Hey guys. Thanks for taking the question. There was talk earlier, like, last week earlier that 750 CBP Officers from ports of entry had been redeployed. You said today it’s 545. Were there 750 deployed initially? Can you describe how that's working at this stage? You said it was flexible, I believe, Randy, but what’s that situation now?

Executive Director Randy J. Howe:

Thanks for the question. It’s Randy. So that 750 number was the number that we presented initially. Then we worked with Border Patrol, based on a specific need, the number that was landed on was 545. You know, like I said, we're able to flex up or down depending upon the crisis and how things go.

Nomaan Merchant, Associated Press:

Hi good afternoon. This is Nomaan Merchant with the Associated Press. Do you believe that renewing family separation from a law enforcement perspective would take away some of the incentive that you say is driving families to the border? Do you think family separation -- reinstating that -- would drive down these apprehension numbers in the future?

Acting Media Director Carlos Diaz:

Nomaan - Nomaan this is Carlos. This is a discussion about the number that have been updated for March. Any policy questions will have to be discussed at another forum. Next question.

Geneva Sands, CNN:

Good afternoon. This is Geneva Sands with CNN. Thank you. You had mentioned that families and people in general are being stuck or are in custody longer leading to their releases and sometimes crowded conditions. Do you have the average time that families are being held in Border Patrol custody across the Southwest border?

Chief Brian Hastings:

So ma’am this is Brian again. The time in custody is something that we do watch closely. We have seen the time in custody increase in primarily in those three sectors that we provided, RGV, El Paso and Yuma. We have, as I stated earlier, also done a number of things to assist with those over capacity numbers.

We have medical -- multiple medical -- contractors that are on the ground to provide care. We also have US Coast Guard medical teams who are on site in El Paso to assist with care as well. And those actual TIC numbers or what we call TIC numbers -- time in custody numbers -- are what helped predicate the need to begin releasing the processed family units, noncriminal processed family units.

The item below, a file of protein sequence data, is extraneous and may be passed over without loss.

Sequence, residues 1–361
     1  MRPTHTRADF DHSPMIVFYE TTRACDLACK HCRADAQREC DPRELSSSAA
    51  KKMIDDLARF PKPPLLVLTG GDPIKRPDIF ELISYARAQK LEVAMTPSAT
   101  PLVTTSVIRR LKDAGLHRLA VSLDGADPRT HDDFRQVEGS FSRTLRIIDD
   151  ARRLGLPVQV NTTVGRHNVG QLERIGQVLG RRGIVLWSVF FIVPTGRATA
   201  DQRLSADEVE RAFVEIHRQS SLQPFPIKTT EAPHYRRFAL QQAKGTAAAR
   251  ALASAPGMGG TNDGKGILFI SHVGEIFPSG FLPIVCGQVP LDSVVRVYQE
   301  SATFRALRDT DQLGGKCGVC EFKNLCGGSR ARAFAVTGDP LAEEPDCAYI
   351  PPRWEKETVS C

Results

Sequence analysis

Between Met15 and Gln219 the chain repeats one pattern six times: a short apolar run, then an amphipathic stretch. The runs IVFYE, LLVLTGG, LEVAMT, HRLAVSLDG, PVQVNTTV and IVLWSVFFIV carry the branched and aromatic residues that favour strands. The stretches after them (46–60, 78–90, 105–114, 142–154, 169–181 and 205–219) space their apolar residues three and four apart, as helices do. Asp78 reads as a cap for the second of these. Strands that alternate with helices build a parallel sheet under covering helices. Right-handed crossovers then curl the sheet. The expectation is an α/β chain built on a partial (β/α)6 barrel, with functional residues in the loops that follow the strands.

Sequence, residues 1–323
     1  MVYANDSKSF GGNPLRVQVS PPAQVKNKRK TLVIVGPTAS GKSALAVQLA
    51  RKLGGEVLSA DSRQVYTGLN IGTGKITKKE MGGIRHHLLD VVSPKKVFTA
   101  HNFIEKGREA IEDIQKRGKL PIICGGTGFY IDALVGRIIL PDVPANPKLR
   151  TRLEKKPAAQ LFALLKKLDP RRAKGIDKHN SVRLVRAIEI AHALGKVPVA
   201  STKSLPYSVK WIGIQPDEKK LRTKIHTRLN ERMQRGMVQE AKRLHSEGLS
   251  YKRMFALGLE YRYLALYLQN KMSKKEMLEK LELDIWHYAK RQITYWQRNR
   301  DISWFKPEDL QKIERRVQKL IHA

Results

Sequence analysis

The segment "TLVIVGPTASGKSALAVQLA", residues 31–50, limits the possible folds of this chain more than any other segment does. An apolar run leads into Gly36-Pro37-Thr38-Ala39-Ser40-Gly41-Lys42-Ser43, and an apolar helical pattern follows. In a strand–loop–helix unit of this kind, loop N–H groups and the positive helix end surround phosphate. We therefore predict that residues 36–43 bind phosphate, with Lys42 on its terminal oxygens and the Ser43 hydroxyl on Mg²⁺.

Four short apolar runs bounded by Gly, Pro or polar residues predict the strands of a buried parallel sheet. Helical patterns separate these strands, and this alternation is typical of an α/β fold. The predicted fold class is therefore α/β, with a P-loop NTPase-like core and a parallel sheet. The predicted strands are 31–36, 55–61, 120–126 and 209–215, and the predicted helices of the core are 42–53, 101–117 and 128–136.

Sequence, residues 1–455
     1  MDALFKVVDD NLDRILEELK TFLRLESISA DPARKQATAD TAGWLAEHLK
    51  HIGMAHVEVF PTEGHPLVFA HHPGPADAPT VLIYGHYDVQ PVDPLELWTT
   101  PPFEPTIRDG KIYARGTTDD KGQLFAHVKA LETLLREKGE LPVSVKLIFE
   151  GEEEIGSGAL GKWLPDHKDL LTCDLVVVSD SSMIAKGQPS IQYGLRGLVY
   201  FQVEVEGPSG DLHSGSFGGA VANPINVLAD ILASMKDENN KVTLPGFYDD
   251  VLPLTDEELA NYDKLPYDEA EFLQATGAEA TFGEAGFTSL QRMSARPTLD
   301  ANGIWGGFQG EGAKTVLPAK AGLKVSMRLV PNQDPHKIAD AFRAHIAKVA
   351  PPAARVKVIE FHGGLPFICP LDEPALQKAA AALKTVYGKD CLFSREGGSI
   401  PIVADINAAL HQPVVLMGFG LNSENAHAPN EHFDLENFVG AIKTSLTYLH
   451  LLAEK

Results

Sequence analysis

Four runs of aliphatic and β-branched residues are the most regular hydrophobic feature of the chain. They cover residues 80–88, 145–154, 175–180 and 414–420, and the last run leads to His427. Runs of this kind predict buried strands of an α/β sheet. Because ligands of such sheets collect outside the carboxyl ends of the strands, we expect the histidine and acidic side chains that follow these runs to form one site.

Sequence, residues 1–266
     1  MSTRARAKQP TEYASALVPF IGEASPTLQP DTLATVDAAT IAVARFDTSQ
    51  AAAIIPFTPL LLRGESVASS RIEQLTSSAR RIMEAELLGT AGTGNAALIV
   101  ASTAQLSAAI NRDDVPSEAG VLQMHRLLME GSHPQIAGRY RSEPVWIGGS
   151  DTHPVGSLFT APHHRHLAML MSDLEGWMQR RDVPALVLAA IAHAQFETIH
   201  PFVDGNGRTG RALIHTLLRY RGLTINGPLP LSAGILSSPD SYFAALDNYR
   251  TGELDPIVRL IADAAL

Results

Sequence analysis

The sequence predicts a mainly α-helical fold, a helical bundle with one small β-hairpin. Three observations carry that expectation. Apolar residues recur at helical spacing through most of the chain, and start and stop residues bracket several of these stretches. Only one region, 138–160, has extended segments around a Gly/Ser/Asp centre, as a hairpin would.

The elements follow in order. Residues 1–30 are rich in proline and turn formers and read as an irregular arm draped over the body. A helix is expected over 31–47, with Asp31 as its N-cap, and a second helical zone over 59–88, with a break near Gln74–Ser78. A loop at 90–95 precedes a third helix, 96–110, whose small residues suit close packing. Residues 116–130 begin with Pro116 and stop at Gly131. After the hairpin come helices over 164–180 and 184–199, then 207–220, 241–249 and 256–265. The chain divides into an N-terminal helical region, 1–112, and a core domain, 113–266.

Geneva Sands, CNN:           

And what was the time in custody then that helped predicate the releases?

Chief Brian Hastings:

It varies from location to location.

Acting Media Director Carlos Diaz:

We could take that as a follow up Geneva.

Geneva Sands, CNN:           

Thank you.

Zolan Kanno-Youngs, NY Times:  

Hey thanks for making the time. It’s Zolan Kanno-Youngs from the New York Times. I know this is limited to the apprehension numbers and that's the topic, but in terms of these numbers, I mean, we are seeing them increase. Now I’m curious what you think needs to happen from a policy perspective to actually bring them down? And specifically if you support binary choice when it comes to the apprehension numbers that we're seeing increase.

Chief Brian Hastings:

So this is Brian again. Specifically I mean, what we look at the biggest problem being for us appears to be TVPRA and Flores and then just going through the system quicker in a more - adjudicating the cases quicker, if you will. We need some assistance with CIS and additional attorneys in order to expedite these cases and the credible fear claims quicker.

Zolan Kanno-Youngs, NY Times:  

So do you think binary choice would then help with this issue?

Acting Media Director Carlos Diaz: